Make sure the
end lines of the template or pattern are inside the ends of the
13-20). Adjust the location of the template brackets if necessary.
the guard. It should be within 1/2" of the stock and just high enough
for the cutter to reach the workpiece.
Turn on the Mark V and set the speed dial to the proper speed. Grasp
the handles of the tool rest assembly and advance the cutter into
the stock until it begins to cut. You can be aggressive, but do
not force the cutter in so hard that it stops the workpiece.
Round off the
corners, working in small sections from one end of the stock toward
the other until it is completely rounded. If you are working on
a long workpiece, round one area then turn off the Mark V and reposition
the table and guard. Warning: Check to be sure the stock is still
securely mounted. Then continue rounding.
The cutter tip may be retracted for rough shaping to leave
stock for detailing.
shaping you should leave about 1/32" of stock for removal during
final detailing. This may be done by keeping the follower tip away
from the template, but if you are new to the duplicator you may
want to retract the cutter to avoid mistakes (Figure
To retract the
cutter, loosen the three setscrews that hold the cutter support
and turn the cutter adjusting knob one-half turn counterclockwise.
Press the cutter support back against the adjusting stud and
tighten the front and rear setscrews only. The center setscrew
cannot seat in the positioning groove when the cutter support is
To begin shaping,
move the table and guard to either end of the workpiece. Turn on
the Mark V and set the speed dial to the proper speed.
Start by shaping
the larger diameters and then progress to the smaller ones. Don't
force the cutter into the stock or press so hard that you deflect
the turning. Use a steady rest (Figure 13-1) to support long or
Keep the follower perpendicualr to profile of the template
during rough shaping.
Use a back and
forth motion, working down into each contour. Also keep the follower
perpendicular to the profile of the template (Figure
13-22), so extra stock will be left on all surfaces.
When you are
cutting properly, you will produce large chips, not fine dust or
a burnished surface. If cutting is slow, check the table height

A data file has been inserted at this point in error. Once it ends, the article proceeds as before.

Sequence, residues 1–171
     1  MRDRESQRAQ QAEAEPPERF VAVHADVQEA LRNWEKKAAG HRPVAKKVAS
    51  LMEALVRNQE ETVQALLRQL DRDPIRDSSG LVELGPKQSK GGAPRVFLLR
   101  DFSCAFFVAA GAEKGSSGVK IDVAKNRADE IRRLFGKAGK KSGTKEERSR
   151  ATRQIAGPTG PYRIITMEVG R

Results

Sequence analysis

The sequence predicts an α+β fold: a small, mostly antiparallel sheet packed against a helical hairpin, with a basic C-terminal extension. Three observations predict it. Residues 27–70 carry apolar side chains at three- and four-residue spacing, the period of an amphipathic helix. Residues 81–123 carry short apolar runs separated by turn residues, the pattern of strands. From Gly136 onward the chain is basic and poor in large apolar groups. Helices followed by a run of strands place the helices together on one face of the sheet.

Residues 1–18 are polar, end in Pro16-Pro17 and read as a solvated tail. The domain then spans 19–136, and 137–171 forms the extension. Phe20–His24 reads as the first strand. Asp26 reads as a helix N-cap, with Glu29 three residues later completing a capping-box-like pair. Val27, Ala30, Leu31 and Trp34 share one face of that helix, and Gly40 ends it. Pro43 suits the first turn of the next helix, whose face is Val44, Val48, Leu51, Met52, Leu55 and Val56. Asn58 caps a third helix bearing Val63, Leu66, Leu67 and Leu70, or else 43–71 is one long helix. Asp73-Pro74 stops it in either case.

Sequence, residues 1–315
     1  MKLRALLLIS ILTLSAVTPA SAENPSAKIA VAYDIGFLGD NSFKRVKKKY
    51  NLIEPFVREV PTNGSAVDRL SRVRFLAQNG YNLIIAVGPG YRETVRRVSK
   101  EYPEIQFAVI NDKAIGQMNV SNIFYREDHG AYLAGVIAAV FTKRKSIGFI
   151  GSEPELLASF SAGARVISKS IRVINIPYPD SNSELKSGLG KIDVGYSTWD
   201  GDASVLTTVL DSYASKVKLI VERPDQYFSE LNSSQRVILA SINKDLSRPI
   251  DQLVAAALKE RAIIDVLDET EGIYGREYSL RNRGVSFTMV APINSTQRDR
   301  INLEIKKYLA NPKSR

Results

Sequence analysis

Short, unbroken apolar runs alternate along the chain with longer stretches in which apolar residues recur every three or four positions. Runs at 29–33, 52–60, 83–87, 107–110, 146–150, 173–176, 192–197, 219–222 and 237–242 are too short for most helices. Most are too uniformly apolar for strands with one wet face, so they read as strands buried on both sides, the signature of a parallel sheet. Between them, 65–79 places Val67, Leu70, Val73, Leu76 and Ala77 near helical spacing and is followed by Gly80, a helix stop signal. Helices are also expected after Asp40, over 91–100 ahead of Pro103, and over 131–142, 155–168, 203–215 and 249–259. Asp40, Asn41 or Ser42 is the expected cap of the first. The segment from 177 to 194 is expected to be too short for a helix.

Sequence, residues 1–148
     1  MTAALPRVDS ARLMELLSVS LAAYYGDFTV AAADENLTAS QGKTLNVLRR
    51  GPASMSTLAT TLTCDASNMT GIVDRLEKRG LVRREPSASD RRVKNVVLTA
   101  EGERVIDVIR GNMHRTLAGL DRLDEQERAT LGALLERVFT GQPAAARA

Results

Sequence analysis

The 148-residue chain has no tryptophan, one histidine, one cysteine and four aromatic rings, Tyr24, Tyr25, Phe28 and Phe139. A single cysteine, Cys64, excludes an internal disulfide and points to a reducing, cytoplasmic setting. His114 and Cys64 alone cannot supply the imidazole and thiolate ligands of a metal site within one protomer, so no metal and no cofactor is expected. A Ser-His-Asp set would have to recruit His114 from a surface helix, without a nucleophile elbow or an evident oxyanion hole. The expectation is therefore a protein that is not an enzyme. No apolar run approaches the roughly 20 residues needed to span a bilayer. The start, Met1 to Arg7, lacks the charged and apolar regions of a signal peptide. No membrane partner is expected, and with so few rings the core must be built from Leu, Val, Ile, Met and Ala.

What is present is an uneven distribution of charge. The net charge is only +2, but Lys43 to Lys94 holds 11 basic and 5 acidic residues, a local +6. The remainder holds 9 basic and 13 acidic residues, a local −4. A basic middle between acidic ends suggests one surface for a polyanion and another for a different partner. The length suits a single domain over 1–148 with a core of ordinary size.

adjustment to be sure the cutting edge is even with or slightly
below the centerline of the turning or lathe centers.
If you have retracted the cutter for rough shaping, it should be
readjusted before making your final passes. Be sure that the center
setscrew is seated in the positioning groove of the cutter support,
so that the cutter is exactly even with the follower. Align the
cutter sup-port as described earlier and tighten all three setscrews.
Cut in an "uphill" direction when detailing beads
and coves. Click on image for larger view.
requires a certain "art", but the duplicator makes it easy to learn.
Use a light touch and move the cutter in an "uphill" direction when
shaping beads and coves (Figure
13-23). The smoothest surface is usually produced by dragging
the cutter sideways-not by approaching the workpiece with the point
of the cutter.
Also be careful
not to press so hard that you deflect the template or rock the base
of the tool rest assembly. If you do happen to make a mistake, don't
panic. It is often possible to save the turning by removing the
follower and smoothing out the mistake by turning freehand. Although
the piece will not be an exact duplicate, slight variations may
not be noticeable in the final project.
You can turn duplicate pieces even if a template or pattern is mounted
slightly out of alignment, but some projects require turning to
an exact diameter. Creating a tenon for joining a spindle and faceplate
or sections of a long bedpost are two examples.
To verify the
alignment, turn a flat area at the desired location, but leave enough
stock so that the follower tip does not contact the template. (The
cutter must be in its normal position-not retracted.)
Checking for exact diameter. Follower tip to template centerline